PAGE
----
Rudolph Triebel, Kai Arras, Rachid Alami, Lucas Beyer, Stefan Breuers, Raja Chatila, Mohamed Chetouani, Daniel Cremers, Vanessa Evers, Michelangelo Fiore, Hayley Hung, Omar A. Islas Ramírez, Michiel Joosse, Harmish Khambhaita, Tomasz Kucner, Bastian Leibe, Achim J. Lilienthal, Timm Linder, Manja Lohse, Martin Magnusson, Billy Okal, Luigi Palmieri, Umer Rafi, Marieke van Rooij, Lu Zhang

Easy Estimation of Wheel Lift and Suspension Force for a Novel High-Speed Robot on Rough Terrain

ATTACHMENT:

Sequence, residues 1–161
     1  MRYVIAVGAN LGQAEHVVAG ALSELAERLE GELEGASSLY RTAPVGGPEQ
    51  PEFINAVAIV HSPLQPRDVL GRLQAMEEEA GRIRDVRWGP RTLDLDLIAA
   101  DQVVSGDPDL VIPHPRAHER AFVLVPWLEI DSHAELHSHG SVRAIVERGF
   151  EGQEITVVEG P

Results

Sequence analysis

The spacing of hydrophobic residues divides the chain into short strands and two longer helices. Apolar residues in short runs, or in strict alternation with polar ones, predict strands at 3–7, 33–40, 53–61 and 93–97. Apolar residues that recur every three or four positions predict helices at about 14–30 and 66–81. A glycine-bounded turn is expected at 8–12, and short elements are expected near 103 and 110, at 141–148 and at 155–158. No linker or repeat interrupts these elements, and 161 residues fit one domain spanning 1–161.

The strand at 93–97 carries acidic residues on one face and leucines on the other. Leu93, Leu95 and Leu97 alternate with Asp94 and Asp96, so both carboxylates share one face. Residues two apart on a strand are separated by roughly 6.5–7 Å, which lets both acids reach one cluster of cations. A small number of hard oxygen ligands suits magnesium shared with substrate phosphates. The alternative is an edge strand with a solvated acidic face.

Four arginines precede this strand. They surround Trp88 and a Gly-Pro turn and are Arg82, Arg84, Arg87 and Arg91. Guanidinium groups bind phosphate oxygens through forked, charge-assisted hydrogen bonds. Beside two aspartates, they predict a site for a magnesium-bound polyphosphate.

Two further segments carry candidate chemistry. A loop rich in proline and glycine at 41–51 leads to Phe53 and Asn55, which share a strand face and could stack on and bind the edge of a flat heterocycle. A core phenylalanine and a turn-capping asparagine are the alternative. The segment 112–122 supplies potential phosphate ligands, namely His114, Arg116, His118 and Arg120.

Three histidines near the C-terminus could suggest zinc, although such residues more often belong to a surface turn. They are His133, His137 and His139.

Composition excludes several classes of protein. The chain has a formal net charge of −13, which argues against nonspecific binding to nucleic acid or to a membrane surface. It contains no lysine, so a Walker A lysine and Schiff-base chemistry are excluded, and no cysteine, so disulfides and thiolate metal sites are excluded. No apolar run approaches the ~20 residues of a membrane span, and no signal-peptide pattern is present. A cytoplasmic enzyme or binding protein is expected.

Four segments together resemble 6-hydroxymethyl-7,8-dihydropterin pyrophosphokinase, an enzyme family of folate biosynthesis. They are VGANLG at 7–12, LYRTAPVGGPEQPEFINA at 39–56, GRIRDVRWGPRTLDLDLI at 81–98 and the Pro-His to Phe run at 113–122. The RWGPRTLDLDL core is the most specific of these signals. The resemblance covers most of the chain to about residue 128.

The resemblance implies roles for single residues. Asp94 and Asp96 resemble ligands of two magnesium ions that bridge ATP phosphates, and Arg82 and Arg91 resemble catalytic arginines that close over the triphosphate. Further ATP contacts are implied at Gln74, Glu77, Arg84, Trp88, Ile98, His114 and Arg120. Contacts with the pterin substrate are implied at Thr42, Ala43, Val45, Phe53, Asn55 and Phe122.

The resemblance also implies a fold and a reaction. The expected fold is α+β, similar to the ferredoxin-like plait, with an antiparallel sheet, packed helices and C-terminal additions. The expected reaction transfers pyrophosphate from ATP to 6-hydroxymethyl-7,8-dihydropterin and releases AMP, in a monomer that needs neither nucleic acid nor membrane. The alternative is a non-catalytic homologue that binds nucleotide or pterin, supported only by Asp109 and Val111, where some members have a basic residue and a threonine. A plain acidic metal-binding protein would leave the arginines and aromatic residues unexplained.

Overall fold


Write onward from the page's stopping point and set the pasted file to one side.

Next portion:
In operation of high-speed wheeled robots on rough terrain, it is important to predict or measure the interaction between wheel and ground in order to maintain optimal maneuverability. Therefore, this paper proposes an easy way to estimate wheel lift and suspension force of a high-speed wheeled robot on uneven surfaces. First, a high-speed robot with six wheels with individual steer motors was developed, and with the body of the robot connected to each wheel by semi-active suspensions. In a sensor system, potentiometers, which can measure angle of arms, are mounted at the end of arms and have a critical role in estimating wheel lift and suspension force. A simple dynamic equation of the spring-damper system is used to estimate the suspension force, and the equation is calculated in terms of the suspension displacement by measured angle of arms because the suspension displacement is a function of arm angle in the boundary of the kinematic model of the body–wheel connection. In addition, wheel lift can be estimated using the arm angle. When the robot keeps its initial state without normal force, the arm angle is set as zero point. When the wheels receive the normal force, the link angle is changed to a value higher than zero point. If a wheel does not contact to a ground, then the suspension force goes toward the negative direction as a value. Therefore, if wheel lift happens while driving, the arm angle will follow the zero point or the suspension force will indicate a negative value. The proposed method was validated in ADAM simulations. In addition, the results of the performance were verified through outdoor experiments in an environment with an obstacle using a high-speed robot developed for this purpose.